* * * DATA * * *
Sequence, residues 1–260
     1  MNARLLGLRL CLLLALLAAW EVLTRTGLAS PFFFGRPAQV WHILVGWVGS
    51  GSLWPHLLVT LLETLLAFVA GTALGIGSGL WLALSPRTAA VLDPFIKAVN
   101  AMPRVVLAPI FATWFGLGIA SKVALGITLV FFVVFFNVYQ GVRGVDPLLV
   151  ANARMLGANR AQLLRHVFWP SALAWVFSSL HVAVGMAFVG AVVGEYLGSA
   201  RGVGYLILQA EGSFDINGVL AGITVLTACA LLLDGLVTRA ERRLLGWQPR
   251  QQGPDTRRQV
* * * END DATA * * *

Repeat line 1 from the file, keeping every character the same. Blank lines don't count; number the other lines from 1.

Sequence, residues 1–260